Do You Like American Cheese?

I loathe American cheese.

I’ve always disliked it. Even as a kid, on the rare occasion when we went to Burger King, I would get a hamburger when my sister and friends got cheeseburgers. There was just something inherently fake tasting about the cheese that I couldn’t stand, even when I had the unrefined palette of a 6-year-old.

As an adult, I avoid American cheese at all costs, scraping it off of burgers if it ever ends up there. As much as I enjoy seeing the daily specials at Hi Point Drive In, it’s a total turnoff if American cheese is featured.

What baffles me is that American cheese isn’t just something that kids and fast-food restaurants slap on their burgers. It’s somehow also a foodie thing. On a recent episode of Top Chef, an acclaimed chef stuffed her burger with American cheese. She had access to white cheddar, brie, pepperjack…anything she wanted. She chose American cheese.

On top of all this, is this really the cheese that America wants to be named after? Couldn’t we have selected a more refined, delicious, but still down-to-earth cheese?

I know a lot of people out there like American cheese. If you’re one of them, do you also like provel and velveeta, which I would put in the same category? I promise not to judge too much.


12 Responses to “Do You Like American Cheese?”

  1. dmvp says:

    American cheese or Velveeta is the only way to make a grilled cheese sandwich IMO, so in that respect I like them. I also use it to make homemade mac & cheese for the creaminess, but I also use some Colby or Cheddar to add more flavor. I’ve never liked cheeseburgers. The first time we were at Geekway to the West we were told of an amazing pizza place. Well, that place used Provel cheese, something I’ve NEVER heard of, and it was the most disgusting pizza I’ve ever had! If I’m going to eat cheese and crackers, it’s usually Colby or Cheddar that I use. So IMO American cheese/Velveeta has it’s place, but it’s not my fav.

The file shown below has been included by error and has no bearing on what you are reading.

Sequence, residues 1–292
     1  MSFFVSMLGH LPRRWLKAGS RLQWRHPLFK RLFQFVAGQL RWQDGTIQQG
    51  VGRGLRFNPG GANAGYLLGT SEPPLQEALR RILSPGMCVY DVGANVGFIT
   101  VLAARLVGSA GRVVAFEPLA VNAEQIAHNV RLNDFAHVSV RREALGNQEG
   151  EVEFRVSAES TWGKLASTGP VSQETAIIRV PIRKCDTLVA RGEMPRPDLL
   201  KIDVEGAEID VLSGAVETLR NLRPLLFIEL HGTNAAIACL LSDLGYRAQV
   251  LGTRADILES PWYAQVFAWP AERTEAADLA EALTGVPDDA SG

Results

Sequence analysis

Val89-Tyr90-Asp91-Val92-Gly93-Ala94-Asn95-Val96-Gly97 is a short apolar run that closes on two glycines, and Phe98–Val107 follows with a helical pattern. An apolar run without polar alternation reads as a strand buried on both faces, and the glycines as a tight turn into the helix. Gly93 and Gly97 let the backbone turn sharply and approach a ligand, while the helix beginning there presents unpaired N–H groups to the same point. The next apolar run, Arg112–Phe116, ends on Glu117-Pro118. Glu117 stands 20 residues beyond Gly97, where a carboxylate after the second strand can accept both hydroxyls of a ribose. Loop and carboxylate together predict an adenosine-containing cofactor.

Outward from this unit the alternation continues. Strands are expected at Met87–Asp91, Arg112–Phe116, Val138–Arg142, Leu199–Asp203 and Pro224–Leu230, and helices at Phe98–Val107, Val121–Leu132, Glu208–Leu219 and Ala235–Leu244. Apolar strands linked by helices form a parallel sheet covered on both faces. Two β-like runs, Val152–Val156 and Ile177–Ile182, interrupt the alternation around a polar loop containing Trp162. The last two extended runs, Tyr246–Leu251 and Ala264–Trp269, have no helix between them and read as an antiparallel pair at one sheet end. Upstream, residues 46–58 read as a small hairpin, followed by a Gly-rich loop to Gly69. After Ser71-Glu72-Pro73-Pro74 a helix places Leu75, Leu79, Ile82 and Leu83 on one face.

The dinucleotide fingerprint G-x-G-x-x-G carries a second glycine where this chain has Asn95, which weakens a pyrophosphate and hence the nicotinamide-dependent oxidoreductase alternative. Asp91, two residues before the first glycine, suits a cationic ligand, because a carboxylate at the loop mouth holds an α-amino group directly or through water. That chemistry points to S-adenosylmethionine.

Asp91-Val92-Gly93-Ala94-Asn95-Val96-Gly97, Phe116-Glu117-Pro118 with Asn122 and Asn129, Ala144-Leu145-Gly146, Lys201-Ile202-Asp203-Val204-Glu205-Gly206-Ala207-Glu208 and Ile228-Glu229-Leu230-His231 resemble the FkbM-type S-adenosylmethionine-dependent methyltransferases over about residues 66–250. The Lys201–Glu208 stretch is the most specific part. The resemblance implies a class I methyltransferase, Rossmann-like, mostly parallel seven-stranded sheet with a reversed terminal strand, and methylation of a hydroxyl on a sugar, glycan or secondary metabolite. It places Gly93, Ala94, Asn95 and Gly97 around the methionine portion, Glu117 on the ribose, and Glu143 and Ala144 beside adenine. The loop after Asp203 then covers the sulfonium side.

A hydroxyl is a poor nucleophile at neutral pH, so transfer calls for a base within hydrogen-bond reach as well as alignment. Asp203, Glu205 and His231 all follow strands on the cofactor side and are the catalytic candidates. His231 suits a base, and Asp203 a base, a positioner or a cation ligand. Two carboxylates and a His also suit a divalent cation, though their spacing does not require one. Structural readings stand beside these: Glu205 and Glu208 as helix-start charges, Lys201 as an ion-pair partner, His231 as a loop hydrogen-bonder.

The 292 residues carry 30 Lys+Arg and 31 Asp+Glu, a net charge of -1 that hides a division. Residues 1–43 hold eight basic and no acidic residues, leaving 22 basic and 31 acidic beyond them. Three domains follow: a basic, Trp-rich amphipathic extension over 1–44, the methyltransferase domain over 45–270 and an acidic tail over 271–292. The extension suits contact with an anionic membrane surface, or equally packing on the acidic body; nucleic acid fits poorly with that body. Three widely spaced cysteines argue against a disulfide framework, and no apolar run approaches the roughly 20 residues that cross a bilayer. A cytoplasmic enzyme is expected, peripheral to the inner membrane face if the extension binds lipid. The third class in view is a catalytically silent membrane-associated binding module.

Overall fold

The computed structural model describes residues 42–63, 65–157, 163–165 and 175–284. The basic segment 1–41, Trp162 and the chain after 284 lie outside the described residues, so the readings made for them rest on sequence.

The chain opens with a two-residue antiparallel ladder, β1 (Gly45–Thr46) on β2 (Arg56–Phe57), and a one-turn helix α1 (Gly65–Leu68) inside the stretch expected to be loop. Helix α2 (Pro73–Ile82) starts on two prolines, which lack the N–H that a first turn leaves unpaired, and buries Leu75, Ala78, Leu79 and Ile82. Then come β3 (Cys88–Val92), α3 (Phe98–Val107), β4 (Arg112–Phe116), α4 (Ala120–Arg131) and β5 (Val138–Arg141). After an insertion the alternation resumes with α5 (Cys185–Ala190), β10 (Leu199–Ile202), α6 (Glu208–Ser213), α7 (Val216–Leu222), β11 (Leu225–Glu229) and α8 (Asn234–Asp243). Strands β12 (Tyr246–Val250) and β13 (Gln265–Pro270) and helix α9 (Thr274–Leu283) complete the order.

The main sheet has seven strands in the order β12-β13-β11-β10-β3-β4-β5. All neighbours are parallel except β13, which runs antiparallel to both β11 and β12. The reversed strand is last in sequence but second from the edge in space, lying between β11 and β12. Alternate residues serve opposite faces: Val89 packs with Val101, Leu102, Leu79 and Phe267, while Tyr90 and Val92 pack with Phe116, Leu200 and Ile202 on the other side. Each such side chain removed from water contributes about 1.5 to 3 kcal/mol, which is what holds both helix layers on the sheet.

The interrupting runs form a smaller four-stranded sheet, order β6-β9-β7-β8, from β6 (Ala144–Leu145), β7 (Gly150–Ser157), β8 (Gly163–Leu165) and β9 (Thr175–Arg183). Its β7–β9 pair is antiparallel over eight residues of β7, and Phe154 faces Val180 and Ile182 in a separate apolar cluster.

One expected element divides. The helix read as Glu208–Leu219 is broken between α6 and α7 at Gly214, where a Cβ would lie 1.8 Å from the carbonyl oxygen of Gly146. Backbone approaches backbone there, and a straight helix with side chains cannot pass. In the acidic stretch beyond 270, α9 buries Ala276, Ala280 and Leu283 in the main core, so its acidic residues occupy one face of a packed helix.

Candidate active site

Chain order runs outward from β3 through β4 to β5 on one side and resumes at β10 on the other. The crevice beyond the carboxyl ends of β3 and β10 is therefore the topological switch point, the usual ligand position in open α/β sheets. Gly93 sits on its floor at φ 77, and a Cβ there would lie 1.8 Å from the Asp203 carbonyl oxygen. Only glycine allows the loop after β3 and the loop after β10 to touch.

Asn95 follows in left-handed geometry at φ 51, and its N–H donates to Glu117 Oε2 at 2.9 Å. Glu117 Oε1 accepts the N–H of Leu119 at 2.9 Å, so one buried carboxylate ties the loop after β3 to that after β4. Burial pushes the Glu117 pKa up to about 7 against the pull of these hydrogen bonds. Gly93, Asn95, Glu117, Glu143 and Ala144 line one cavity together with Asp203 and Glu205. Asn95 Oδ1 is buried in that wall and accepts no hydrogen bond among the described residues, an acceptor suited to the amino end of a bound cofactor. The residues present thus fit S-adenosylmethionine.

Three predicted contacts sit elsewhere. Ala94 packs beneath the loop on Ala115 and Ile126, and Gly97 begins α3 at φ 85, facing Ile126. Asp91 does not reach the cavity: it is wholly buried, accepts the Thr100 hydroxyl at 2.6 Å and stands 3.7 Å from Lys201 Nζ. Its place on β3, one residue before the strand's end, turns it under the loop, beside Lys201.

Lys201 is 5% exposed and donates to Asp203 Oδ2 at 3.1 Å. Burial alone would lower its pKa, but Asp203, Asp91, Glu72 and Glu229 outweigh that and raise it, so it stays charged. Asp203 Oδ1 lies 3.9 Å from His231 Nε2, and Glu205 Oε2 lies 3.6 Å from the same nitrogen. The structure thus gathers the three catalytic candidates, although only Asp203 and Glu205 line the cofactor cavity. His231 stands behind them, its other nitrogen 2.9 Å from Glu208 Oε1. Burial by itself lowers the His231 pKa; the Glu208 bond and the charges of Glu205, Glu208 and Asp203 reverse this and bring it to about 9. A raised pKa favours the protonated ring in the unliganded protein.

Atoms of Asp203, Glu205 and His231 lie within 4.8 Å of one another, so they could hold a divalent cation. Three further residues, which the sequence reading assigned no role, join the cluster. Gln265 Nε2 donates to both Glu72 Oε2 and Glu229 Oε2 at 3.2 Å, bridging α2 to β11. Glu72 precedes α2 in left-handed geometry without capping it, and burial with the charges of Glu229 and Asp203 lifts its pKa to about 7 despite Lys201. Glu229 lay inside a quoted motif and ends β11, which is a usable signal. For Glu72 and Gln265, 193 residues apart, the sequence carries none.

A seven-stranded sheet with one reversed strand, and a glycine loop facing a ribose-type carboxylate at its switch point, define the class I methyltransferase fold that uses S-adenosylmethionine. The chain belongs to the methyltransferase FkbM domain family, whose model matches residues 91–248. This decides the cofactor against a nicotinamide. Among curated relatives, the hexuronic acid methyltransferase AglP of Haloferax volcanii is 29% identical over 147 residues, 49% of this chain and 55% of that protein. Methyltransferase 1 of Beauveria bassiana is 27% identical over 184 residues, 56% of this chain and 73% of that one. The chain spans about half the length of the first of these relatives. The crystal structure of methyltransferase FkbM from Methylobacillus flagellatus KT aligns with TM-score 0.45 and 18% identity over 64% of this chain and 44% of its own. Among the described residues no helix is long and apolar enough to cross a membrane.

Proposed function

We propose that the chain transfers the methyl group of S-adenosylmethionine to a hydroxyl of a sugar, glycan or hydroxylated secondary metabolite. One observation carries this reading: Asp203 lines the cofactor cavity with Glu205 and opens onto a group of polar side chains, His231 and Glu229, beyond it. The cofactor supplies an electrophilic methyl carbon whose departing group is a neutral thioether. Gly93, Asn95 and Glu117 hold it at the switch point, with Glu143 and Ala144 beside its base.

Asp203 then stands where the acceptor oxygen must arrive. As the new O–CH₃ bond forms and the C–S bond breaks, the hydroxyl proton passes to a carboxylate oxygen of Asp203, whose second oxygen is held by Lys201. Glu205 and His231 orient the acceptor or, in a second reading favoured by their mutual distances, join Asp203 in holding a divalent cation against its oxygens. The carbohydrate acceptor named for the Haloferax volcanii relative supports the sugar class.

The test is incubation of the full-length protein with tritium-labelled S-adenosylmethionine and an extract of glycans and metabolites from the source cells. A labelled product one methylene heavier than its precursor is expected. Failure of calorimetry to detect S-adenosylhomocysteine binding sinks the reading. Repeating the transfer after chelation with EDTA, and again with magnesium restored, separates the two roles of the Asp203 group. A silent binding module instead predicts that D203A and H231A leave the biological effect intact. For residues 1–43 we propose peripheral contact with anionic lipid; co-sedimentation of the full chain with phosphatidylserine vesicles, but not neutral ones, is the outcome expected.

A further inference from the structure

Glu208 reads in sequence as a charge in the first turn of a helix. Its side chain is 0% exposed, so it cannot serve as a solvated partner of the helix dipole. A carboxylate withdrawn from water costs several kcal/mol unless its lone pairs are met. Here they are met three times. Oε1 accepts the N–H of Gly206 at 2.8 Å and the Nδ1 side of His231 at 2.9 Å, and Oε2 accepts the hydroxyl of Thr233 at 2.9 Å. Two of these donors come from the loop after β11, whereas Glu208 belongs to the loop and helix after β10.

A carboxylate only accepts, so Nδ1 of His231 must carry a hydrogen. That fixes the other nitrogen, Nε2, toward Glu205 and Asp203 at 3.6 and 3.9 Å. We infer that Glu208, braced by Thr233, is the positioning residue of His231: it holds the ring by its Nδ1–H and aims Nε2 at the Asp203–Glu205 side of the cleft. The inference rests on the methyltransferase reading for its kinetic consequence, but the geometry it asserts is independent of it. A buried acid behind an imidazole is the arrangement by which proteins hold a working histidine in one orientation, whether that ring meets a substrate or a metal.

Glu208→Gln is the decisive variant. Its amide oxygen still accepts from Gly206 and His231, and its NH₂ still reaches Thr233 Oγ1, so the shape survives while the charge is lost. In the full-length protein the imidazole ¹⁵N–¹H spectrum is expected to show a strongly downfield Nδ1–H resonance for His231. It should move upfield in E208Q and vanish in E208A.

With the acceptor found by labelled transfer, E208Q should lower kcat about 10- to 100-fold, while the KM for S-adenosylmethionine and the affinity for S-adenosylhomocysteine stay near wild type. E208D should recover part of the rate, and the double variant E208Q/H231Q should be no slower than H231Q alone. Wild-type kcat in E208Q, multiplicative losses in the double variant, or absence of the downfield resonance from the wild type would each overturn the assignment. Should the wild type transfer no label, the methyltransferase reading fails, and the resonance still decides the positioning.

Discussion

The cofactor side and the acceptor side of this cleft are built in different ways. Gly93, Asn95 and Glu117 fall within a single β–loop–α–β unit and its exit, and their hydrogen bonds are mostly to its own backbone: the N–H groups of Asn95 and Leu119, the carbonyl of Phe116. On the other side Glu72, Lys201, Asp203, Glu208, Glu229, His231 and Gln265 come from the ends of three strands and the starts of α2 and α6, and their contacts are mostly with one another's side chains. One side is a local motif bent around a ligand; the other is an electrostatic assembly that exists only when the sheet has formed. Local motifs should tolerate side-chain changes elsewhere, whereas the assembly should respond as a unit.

• Jamey Stegmaier says:

      Oh no, Denise…I’m so sorry someone recommended St. Louis-style pizza to you! They should know better. It’s the kind of pizza that people only like if they grew up eating it.

  2. Sean says:

    So While I prefer Swiss taste on burgers, still like the American Style cheese, or What is basically Velvetta in a thin sheet. I don’t buy any cheese slices, but at the same time prefer cheesy burgers from five guys or burger king over non cheesy.

    If you want to make any cheese American/Velveeta style so it melts well. Try these recipes. They taste WAY better, and can use any combo of cheese you want to do it. Velveeta actually does use Sodium Citrate, and it can be bought at some food stores, and from Amazon.

    https://www.saveur.com/article/Recipes/Perfectly-Melting-Cheese-Slice
    https://modernistcuisine.com/recipes/melty-queso-dip/

  3. Stephen says:

    Is ‘American cheese’ those thin plastic looking cheese slices? If so… Hell no, The texture’s just… Wrong. (Though I can tolerate it when melted, such as in a cheeseburger – though the one I had last night was with a blue cheese though I forget which – so that’s more of a ‘no’ than a ‘hell no’ for me)